Emilie Ziese saw her senior basketball season flash before her eyes when a doctor said three simple letters: ACL.
In a game against West Central in January, the Rensselaer center jumped to pass the ball and landed awkwardly on her leg.
Not knowing what had happened, she was told not to lift her hopes too high, because she could have torn the anterior cruciate ligament in her knee, signalling the end of her season.
Instead, tests showed a sprain of the ACL.
She sat out three games -- two losses and a close win -- then was slowly let back into games. She played a quarter against Kankakee Valley, then a half against Kouts.
By the time she played a full game against North Judson, she was back to her old self again with 11 points and eight rebounds.
"(The injury) freaked me out to be honest. We were so close to the end of the season, an ACL tear usually takes a year, so I'd be done," Ziese said.
"Once you have an injury, you have an appreciation to have that privilege to play basketball, to be a starter and a senior on our basketball team. It was a great feeling to come back."
What she took from the experience, the realization that every game could be your last, is what Bombers' coach Jeff Marlow hopes his team learns as the postseason continues.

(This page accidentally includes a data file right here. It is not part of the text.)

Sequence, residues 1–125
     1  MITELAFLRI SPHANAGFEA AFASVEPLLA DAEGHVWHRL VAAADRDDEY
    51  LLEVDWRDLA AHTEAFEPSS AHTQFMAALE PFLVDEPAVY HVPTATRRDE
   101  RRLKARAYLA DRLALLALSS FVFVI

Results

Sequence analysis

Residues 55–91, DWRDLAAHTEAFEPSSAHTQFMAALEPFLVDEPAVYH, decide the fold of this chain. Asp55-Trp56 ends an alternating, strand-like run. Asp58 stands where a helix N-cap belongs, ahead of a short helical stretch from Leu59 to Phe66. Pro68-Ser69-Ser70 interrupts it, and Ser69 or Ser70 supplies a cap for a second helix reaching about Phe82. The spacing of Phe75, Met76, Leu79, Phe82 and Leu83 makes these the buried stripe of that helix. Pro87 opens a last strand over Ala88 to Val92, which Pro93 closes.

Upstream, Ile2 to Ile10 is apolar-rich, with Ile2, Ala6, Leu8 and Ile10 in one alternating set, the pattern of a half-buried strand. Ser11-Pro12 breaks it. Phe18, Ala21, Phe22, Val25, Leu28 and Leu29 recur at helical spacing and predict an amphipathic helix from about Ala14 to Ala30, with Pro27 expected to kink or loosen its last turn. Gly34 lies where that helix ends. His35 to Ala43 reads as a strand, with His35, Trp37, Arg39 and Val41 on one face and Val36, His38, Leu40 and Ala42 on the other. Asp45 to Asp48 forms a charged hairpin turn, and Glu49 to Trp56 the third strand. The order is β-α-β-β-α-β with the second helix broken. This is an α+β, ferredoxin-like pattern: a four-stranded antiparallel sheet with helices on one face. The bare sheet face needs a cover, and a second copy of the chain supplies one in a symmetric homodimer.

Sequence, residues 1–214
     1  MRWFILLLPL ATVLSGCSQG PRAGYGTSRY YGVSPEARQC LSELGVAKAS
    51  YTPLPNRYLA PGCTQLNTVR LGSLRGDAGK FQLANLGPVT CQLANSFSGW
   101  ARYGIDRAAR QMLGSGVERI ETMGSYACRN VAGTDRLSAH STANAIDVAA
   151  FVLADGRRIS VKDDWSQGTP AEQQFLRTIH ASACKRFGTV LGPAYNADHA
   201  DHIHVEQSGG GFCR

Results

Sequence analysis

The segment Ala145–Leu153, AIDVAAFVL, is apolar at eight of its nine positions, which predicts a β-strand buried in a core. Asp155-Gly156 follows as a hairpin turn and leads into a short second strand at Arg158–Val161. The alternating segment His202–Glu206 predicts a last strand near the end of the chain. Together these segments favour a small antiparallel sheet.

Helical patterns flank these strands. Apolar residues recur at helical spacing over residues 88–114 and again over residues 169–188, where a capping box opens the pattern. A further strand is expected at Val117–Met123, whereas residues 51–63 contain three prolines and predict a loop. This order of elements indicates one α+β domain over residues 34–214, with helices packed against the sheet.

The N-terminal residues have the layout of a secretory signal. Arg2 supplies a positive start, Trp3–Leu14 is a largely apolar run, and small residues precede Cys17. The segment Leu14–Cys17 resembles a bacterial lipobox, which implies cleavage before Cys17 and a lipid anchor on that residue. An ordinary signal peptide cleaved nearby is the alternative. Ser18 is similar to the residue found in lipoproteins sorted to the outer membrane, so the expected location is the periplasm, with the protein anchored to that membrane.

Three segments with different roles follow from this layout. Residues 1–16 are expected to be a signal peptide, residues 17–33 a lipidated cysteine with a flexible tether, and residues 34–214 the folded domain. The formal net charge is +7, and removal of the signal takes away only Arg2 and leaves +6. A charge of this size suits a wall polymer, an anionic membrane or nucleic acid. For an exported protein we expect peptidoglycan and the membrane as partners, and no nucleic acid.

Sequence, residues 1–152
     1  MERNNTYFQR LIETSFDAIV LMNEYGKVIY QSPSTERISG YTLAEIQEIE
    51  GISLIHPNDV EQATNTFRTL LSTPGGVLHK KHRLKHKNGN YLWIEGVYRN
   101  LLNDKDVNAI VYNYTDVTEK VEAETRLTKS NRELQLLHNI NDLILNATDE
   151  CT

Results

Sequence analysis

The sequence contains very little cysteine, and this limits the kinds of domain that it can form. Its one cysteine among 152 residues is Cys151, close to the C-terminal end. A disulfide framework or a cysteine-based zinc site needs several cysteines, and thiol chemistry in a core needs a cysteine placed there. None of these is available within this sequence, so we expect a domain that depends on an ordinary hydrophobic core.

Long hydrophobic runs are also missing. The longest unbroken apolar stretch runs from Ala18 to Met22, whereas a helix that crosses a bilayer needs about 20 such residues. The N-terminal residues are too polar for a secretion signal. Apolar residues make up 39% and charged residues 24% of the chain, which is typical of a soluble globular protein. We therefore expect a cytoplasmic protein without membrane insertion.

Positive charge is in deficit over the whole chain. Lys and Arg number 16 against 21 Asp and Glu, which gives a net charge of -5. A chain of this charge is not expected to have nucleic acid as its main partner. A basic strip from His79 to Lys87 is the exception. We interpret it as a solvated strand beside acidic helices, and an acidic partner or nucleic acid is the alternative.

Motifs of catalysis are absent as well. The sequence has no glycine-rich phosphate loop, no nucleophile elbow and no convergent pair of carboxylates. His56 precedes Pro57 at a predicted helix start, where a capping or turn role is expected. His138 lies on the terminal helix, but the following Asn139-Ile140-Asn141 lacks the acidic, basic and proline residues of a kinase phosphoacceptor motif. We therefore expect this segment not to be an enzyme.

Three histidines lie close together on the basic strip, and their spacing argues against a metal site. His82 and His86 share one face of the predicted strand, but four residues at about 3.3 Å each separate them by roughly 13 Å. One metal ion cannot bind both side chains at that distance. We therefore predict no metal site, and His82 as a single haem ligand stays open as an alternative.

Rensselaer won its sectional opener by one point and the title game by three.
Saturday, the Bombers meet Class 3A No. 4 Benton Central in one semifinal of the Rensselaer Regional.
"We always tell our kids you never know when will be your last game," Marlow said. "She plays now with an energy and a focus to play as hard every game because she knows what it feels like to be told it might be your last game."
Ziese's return sparked a resurgence for the Bombers. An emotional player already, the senior added to it when she came back to the floor.
"She plays the game with a passion, and you don't see a lot of kids have that passion in the girls game, at least outwardly," Marlow said. "She's always directing on the floor and telling her teammates where to be.
"She won't want to hear this, but it reminds me of how I played the game in high school. Her heart is on her sleeve, you can always tell when we're playing well."
Added Ziese: "When someone gives you an opportunity to do something, like play basketball, you're going to give 150 percent -- especially when I can hear my parents yelling at me, and the crowd yelling, everyone is hyped up and ready to go.
"So that hypes me up."
Local fans are expected in droves as the Bombers play in a regional on their home court for only the second time since 2004.
"It's not like we advance in the tournament every year, so this is going to be a new experience for them," Marlow said. "They're going to run out of that tunnel at 9:30 Saturday morning and it's going to be an experience and a rush they've never had before.
"Win or lose, they'll be able to tell their kids and grandkids they played in a regional on their home court, and there aren't a lot of people that can say that."